(Pictured: Curt Orshoski)
A 2014 claim for Post 9/11 GI Bill (“GI Bill”) benefits was finally granted at the 100% payment rate after nearly five years of litigation with the Department of Veterans Affairs (DVA). M-VETS successfully argued at a personal appearance hearing before the Board of Veterans’ Appeals (BVA) in D.C. for its client to receive GI Bill benefits at the 100% payment rate.
M-VETS represented a veteran who was medically retired from the United States Army due to service-connected disabilities sustained as a result of combat service in Iraq. The veteran was a member of the Virginia National Guard who mobilized and deployed to Iraq to serve as a linguist with a Special Forces Group from Fort Bragg, North Carolina.
While serving in Iraq, the veteran was physically and psychologically injured. The veteran returned to the United States and was placed on active duty medical hold while receiving treatment for the service-connected injuries. Subsequently, the veteran was referred to the Army Medical and Physical Evaluation Boards that found the veteran’s service-connected medical conditions rendered the veteran unable to further serve in the Army. The veteran was honorably discharged from active duty and permanently retired from the Army due to the service-connected disabilities.
Following the medical retirement from the Army, the veteran applied for educational benefits under the GI Bill and initially received a Certificate of Eligibility (“COE”) from the DVA for the receipt of benefits at the 100% payment rate. With this COE in-hand, the veteran was accepted admitted to a university outside of the United States and began attending classes. When the DVA received notice of the veteran’s enrollment at the university, the DVA determined the COE for the GI Bill at the 100% rate was erroneously issued. The DVA claimed the veteran was only entitled to the GI Bill at the 60% rate. After receiving this decision from the DVA, the veteran was forced to pay out of pocket for a portion of the educational expenses. Subsequently, the veteran filed an appeal to this decision and contacted M-VETS.
M-VETS Director, Timothy M. MacArthur, stated about the matter: “I’m glad the veteran reached out to M-VETS and that we were able to correct this issue. There are certain active duty time requirements that a soldier needs to meet in order to be eligible for the GI Bill at a certain rate. At first glance, the requirements are relatively straight forward, but when you start looking into Army Reserve and National Guard issues coupled with a medical retirement, the answers become harder to find.”
M-VETS filed a brief before the BVA and requested a personal appearance in order to argue the matter in front of a Judge. Prior to the BVA hearing, the DVA’s position was that the veteran had not accrued enough active duty time in service to receive the GI Bill at the 100% rate. Their position was based on the fact that a portion of the veteran’s active duty time was served while on medical hold orders for treatment of service-connected injuries. M-VETS agreed with the DVA assessment of the matter but argued that a statutory exception applied in this case.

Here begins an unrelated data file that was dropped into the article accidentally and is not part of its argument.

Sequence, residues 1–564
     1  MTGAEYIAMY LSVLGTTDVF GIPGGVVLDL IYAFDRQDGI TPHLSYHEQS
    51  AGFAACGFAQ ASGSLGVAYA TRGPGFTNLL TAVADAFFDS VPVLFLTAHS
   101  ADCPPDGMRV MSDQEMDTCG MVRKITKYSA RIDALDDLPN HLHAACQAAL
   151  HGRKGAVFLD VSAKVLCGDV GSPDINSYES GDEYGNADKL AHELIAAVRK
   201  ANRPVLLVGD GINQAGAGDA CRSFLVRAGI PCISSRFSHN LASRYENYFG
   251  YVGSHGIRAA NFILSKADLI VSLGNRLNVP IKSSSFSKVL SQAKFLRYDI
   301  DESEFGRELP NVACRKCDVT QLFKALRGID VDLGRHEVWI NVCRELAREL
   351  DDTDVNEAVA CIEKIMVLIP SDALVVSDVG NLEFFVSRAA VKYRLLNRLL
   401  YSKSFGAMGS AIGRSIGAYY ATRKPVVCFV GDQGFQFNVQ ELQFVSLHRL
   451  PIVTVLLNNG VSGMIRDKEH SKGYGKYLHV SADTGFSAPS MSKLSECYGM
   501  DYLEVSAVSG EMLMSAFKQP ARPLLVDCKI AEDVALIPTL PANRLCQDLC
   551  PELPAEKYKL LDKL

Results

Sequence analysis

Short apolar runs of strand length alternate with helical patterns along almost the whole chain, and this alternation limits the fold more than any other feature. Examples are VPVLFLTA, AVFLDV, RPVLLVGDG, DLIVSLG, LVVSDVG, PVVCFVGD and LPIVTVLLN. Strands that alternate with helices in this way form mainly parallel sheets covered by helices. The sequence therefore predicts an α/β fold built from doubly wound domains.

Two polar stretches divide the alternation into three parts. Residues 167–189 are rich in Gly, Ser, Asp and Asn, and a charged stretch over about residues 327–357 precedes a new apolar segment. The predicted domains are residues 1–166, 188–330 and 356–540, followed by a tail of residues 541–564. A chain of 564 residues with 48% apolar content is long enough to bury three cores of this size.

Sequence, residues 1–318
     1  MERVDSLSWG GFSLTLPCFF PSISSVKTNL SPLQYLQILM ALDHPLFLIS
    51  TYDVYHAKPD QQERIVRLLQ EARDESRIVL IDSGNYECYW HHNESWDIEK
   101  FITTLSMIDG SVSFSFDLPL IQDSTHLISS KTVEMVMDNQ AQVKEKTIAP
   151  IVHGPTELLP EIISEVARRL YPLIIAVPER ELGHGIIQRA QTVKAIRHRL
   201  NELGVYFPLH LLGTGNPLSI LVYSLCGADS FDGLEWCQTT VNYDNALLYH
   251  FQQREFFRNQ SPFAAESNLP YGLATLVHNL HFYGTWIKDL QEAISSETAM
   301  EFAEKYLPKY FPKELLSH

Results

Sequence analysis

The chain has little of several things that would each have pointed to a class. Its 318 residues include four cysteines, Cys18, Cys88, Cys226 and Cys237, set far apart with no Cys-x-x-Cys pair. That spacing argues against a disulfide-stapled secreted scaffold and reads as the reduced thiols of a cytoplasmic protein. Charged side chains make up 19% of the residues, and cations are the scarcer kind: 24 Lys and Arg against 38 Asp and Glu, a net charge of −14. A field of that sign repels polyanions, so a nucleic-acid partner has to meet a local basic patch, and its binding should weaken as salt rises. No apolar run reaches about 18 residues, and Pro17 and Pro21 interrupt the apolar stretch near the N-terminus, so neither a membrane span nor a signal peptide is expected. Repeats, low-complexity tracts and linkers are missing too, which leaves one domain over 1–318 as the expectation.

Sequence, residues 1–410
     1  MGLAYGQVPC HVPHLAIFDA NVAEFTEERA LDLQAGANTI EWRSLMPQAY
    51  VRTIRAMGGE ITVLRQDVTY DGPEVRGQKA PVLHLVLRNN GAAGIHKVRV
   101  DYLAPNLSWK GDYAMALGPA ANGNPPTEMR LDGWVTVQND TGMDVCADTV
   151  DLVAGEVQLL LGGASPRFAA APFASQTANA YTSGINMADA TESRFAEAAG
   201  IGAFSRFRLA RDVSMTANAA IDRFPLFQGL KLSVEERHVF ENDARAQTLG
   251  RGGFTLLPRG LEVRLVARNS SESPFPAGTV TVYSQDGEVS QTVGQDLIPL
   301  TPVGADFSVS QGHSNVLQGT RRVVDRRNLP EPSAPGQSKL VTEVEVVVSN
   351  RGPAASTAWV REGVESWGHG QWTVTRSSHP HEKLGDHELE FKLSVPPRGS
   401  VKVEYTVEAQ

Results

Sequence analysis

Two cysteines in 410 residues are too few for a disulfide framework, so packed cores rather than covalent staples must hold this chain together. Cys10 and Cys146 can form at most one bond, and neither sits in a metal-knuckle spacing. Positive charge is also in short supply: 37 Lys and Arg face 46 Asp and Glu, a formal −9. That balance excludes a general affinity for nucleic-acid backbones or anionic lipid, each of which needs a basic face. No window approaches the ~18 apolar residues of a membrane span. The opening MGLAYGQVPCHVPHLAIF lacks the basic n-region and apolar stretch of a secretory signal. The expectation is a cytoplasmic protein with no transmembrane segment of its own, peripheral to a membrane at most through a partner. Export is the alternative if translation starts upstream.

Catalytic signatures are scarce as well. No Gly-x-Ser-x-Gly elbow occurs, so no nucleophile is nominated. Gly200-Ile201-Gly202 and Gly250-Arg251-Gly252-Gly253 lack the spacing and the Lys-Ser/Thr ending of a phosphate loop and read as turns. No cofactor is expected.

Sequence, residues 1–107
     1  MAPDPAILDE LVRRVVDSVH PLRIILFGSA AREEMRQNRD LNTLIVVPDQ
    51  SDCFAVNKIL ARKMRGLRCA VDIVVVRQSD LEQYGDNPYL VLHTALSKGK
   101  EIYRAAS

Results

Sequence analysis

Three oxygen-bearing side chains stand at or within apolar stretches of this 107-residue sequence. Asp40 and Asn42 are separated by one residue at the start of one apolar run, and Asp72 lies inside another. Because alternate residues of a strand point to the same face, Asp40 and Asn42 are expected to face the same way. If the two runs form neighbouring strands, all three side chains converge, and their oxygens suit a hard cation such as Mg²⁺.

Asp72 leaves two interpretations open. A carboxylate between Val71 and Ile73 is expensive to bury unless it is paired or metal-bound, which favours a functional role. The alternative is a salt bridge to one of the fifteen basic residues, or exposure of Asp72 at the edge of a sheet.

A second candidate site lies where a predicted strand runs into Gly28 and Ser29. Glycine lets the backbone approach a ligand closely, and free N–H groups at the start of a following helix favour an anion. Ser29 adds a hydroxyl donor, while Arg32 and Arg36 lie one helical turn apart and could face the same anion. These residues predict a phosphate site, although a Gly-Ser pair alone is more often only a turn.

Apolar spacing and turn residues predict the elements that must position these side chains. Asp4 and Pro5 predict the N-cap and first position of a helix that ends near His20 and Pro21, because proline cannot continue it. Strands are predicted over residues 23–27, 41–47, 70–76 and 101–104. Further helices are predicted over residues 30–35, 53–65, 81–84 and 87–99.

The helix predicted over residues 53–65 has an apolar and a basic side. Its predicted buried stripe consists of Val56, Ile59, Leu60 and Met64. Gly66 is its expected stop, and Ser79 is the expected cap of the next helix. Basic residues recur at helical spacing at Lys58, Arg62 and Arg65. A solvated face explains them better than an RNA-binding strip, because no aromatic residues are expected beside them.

At the BVA hearing, M-VETS argued that the veteran served 30 continuous days on active duty in the Armed Forces after September 11, 2001 and was discharged for a service-connected disability. As such, the veteran was entitled to GI Bill benefits at the 100% rate pursuant to 38 U.S.C.A. §3311(b)(2) and 38 U.S.C.A. §3313(c)(1).
Due to the lengthy process involved with litigating this issue, many M-VETS Student-Advisors (SAs) worked diligently on this matter while in the clinic. When the matter was scheduled for hearing in D.C., it was former M-VETS SA Curt Orshoski who argued the motion before the BVA. “Curt did a great job arguing the motion and presenting evidence during the hearing. Our client was able to fly to the United States to attend the hearing and Curt conducted an opening statement, direct examination, and a closing argument which greatly assisted the Judge in determining the favorable outcome for our client,” MacArthur said. “The DVA benefits process is paternalistic in nature which is invaluable for allowing our students to gain practical experience in a non-adversarial setting,” MacArthur continued. “This was a long process and fortunately our client was able to weather the storm financially to see this through. Going to school is expensive and our client received $22,285.52 from the DVA for reimbursement of out of pocket expenses for tuition. Our veteran should not have to pay another dime for educational costs moving forward,” MacArthur said.
M-VETS assists veterans, servicemembers, and their dependents in a variety of civil matters, including uncontested divorces, landlord/tenant matters, consumer protection and contract disputes, as well as in military/VA administrative matters, including MEB/PEBs, discharge upgrades, Boards for Correction of Military Records and VA disability compensation appeals.